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Friday, December 9, 2022

Jobless Claims Rose Slightly Last Week but Remain Close to Prepandemic Average

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U.S. applications for unemployment benefits rose slightly after five consecutive weeks of decline as many employers continue to hold on to workers despite a slowing economy.

Initial jobless claims, a proxy for layoffs, increased to a seasonally adjusted 213,000 last week from a revised 208,000 the previous week, the Labor Department said Thursday. The total was slightly lower than the prepandemic average of 218,000 in 2019, when the labor market was also tight.

The four-week moving average, which smooths out weekly volatility, fell by 6,000 to 216,750.

Continuing claims, a proxy for the number of people who have been unemployed and have received benefits for more than one week, decreased slightly to 1.38 million in the week ended Sept. 10 from the previous week. Continuing claims are reported with a one-week lag.

The report comes a day after the Federal Reserve raised interest rates by 0.75 percentage point for the third consecutive time and plotted more increases in the coming months to slow the economy and cool inflation.

“With monetary policy aimed at softening labor market conditions, demand for workers is set to moderate and layoffs are likely to pick up over time,” said Rubeela Farooqi, chief U.S. economist for High Frequency Economics.

The U.S. labor market has shown signs of strength despite cooling from a red-hot pace earlier in the year. Employers added 315,000 jobs in August. The unemployment rate has ticked up slightly, to 3.7% from a low of 3.5%. Economists note that that increase is the result of a positive development: labor participation rates have ticked up, meaning more people have entered the labor market to fill historically high numbers of job vacancies.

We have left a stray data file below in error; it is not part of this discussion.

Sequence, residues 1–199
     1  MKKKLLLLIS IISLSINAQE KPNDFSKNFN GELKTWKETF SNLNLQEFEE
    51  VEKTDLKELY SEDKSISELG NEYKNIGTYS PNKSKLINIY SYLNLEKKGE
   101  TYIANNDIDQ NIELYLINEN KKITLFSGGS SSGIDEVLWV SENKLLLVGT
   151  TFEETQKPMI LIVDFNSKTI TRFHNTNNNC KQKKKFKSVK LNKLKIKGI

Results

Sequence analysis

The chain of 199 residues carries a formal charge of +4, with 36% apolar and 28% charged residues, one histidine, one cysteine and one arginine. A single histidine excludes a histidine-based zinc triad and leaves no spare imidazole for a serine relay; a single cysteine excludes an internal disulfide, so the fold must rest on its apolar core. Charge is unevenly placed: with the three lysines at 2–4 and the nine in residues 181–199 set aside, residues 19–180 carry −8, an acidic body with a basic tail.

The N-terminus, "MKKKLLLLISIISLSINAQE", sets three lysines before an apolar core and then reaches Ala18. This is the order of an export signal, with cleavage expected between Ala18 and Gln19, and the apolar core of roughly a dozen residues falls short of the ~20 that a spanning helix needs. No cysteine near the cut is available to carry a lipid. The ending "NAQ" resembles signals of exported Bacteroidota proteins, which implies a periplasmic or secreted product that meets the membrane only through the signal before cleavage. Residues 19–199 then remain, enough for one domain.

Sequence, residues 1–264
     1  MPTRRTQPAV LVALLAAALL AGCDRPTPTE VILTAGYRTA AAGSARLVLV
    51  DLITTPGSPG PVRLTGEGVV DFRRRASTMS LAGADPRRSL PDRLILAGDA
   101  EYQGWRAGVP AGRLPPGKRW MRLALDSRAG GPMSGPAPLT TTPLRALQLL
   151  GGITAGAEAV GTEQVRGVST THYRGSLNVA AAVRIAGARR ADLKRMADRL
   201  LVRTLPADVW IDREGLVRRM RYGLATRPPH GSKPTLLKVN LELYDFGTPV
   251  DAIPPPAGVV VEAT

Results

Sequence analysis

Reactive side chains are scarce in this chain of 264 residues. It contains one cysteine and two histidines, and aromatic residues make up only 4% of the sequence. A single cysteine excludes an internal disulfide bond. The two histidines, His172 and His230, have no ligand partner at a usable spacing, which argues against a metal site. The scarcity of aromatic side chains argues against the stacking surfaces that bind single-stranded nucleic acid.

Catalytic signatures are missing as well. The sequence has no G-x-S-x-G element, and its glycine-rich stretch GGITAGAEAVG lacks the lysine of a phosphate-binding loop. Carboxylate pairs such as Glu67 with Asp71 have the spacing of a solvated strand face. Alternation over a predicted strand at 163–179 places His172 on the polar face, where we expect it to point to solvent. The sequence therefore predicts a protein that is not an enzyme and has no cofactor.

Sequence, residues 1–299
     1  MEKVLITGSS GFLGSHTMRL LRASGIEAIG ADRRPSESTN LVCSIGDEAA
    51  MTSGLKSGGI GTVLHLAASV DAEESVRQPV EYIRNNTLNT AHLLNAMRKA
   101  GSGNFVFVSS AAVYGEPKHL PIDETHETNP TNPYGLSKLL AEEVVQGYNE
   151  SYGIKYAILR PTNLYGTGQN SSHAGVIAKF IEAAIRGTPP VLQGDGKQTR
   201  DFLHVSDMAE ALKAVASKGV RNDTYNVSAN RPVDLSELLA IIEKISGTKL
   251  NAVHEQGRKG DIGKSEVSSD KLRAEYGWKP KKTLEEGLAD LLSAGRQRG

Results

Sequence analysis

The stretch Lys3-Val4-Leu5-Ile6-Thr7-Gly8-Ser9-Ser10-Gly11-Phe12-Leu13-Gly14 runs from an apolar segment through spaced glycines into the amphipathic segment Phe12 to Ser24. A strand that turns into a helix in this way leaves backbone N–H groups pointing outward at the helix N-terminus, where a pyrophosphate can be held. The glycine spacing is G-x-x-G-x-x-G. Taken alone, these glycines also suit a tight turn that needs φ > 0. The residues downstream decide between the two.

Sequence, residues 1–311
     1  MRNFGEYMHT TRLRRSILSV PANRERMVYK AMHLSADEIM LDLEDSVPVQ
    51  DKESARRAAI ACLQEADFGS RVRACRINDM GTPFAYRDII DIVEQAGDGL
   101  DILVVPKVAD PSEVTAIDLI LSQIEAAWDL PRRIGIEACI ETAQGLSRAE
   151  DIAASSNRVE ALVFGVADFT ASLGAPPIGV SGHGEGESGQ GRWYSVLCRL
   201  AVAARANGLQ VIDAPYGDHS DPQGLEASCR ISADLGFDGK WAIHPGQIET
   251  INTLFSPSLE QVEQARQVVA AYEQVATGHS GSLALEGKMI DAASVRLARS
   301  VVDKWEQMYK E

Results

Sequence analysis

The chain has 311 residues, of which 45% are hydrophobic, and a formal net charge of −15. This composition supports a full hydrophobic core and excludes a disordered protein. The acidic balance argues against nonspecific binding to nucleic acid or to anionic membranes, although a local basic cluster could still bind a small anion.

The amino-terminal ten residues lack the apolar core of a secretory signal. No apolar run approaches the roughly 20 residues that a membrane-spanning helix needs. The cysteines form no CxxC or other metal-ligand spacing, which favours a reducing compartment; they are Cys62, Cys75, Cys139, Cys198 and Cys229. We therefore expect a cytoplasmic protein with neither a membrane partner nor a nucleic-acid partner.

Still, some companies are pulling back on hiring and letting go of some workers.

Meta Platforms Inc.

plans to cut expenses by at least 10% in the coming months, in part through staff reductions.

Walmart Inc.

said it would cut back on hiring seasonal workers for the winter holidays, looking to hire 40,000 temporary workers compared with last year’s goal of hiring 150,000 permanent workers for the busy shopping season and beyond.

Federal Reserve members, including Chairman

Jerome Powell,

have said that the ratio of job openings to unemployed workers must narrow to bring the labor market into better balance. The Fed is aggressively raising interest rates to rein in inflation that is advancing at a pace not seen since the early 1980s. In August, the consumer-price index rose 8.3% over the prior year, a slight slowdown from a recent high of 9.1% in June.

The Federal Reserve approved a third-consecutive 0.75 percentage point rise Wednesday. Chairman Jerome Powell said he anticipates that interest-rate increases will continue as the Fed fights high inflation. Photo: Kevin Lamarque/Reuters

“The labor market continues to be out of balance with demand for workers substantially exceeding the supply of available workers,” Mr. Powell said Wednesday after the Fed’s September policy meeting. “Vacancies are still almost two-to-one ratio to unemployed people.”

The Fed’s moves are aimed at cooling the economy and officials expect their actions will push up unemployment over the next year.

A recent report on job openings from the Labor Department showed that job openings rose in July after declining for three consecutive months, reflecting persistently strong demand for workers, while layoffs remained lower than any point in 2019.

Mr. Powell still expressed some hope that the Fed could avoid a significant uptick in new unemployment claims, but noted that the current economic situation is “outside of historical experience.”

“We certainly haven’t given up the idea that we can have a relatively modest increase in unemployment,” while bringing inflation down to a more acceptable rate in line with the Fed’s price stability mandate, Mr. Powell added. “Nonetheless, we need to complete this task.”

Write to Gabriel T. Rubin at [email protected]

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